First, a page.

It would be hard for Thurston Moore to escape from his past as singer and guitarist of seminal New York art rockers Sonic Youth, a band whose influence on modern alterntative music can be heard deep within the pulsating heartbeats of countless bands that have spuring up since their inception in the 80s.
With Sonic Youth having come to an end in 2011, his focus since then has primarily been on his solo work. Having concluded two years of touring to promote the 2015 release The Best Day, his new release has seen him stick with the same cast of musicians, which lends Rock n Roll Consciousness a very focused feel.
The album saw a break from Moore’s traditional working methods. Though it was recorded in London and with notable producer Paul Epworth - whose credits include Adele and Coldplay - at the helm, it still feels very much like a Thurston Moore album.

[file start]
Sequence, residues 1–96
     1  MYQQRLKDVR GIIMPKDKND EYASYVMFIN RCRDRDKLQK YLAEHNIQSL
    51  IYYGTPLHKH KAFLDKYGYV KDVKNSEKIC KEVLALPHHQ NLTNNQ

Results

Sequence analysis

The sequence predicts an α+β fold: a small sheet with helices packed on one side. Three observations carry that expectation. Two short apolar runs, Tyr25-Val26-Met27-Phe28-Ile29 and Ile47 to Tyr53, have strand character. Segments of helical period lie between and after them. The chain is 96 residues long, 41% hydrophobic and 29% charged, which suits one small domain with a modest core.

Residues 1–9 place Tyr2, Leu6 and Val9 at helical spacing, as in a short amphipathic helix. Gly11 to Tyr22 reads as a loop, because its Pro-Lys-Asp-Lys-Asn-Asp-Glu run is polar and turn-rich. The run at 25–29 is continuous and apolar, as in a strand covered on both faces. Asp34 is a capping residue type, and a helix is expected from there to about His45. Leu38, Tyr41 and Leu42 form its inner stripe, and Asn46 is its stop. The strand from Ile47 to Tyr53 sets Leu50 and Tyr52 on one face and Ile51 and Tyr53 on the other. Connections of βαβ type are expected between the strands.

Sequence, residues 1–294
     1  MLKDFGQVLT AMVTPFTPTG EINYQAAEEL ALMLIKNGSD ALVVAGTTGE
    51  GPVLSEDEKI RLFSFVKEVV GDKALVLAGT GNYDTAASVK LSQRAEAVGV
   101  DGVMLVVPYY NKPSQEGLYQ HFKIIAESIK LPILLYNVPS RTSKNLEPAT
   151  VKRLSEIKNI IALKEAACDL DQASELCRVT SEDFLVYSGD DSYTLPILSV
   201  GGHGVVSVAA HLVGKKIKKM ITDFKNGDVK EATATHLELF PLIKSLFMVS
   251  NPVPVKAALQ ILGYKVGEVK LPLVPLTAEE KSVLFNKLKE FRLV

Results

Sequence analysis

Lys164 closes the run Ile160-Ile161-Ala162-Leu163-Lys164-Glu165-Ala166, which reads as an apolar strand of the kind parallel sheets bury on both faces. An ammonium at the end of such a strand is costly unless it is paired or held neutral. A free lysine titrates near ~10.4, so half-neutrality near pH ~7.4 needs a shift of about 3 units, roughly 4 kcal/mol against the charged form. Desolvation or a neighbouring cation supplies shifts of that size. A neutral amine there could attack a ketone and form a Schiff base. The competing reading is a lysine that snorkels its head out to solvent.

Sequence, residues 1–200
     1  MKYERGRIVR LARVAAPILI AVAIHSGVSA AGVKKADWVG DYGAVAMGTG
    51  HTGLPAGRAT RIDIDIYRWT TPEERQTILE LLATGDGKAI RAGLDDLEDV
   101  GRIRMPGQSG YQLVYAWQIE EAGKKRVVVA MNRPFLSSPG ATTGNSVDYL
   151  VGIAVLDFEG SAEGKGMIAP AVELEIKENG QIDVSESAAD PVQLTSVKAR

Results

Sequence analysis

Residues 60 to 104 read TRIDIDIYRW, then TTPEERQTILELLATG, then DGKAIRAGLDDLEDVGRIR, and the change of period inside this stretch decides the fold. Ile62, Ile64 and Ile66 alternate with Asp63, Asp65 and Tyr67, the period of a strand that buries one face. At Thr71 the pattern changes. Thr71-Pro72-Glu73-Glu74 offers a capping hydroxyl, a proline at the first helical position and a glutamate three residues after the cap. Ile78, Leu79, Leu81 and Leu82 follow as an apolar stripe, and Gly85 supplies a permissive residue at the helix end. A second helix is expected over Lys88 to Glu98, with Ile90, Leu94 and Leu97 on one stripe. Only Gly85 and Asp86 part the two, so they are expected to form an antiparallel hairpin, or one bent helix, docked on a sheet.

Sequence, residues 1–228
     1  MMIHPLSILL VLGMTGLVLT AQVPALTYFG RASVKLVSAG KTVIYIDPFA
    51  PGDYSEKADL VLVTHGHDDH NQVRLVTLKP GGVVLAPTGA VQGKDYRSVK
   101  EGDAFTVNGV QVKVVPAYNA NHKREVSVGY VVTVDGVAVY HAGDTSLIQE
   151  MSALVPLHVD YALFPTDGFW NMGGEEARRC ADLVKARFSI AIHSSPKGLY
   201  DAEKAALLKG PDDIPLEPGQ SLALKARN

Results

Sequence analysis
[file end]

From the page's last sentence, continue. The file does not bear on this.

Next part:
Running to five songs, it may be a record low in tracks, but it's rich with songs that have a natural tendency to sprawl out far past the five minute mark. The discordant ringing, almost church bell-aping opener of "Exalted" has an almost classic feel to its introduction, but soon the guitar-led song snakes towards an intricate wall of noise rich with Sonic Youth’s trademark style. In another signature move, "Cusp" sees long bursts of constructed noise pushed to the fore over a rhythmically motorik backing.
Throughout the songs are consistent in their desire to embrace and use discordance to add further sonic texture, even if such a tactic will secure comparisons to his previous band. Ultimately, Rock n Roll Consciousness is a collection of songs that would sit as comfortably in and amongst Sonic Youth’s back catalogue as they do within Moore’s own solo work. And that's no bad thing at all.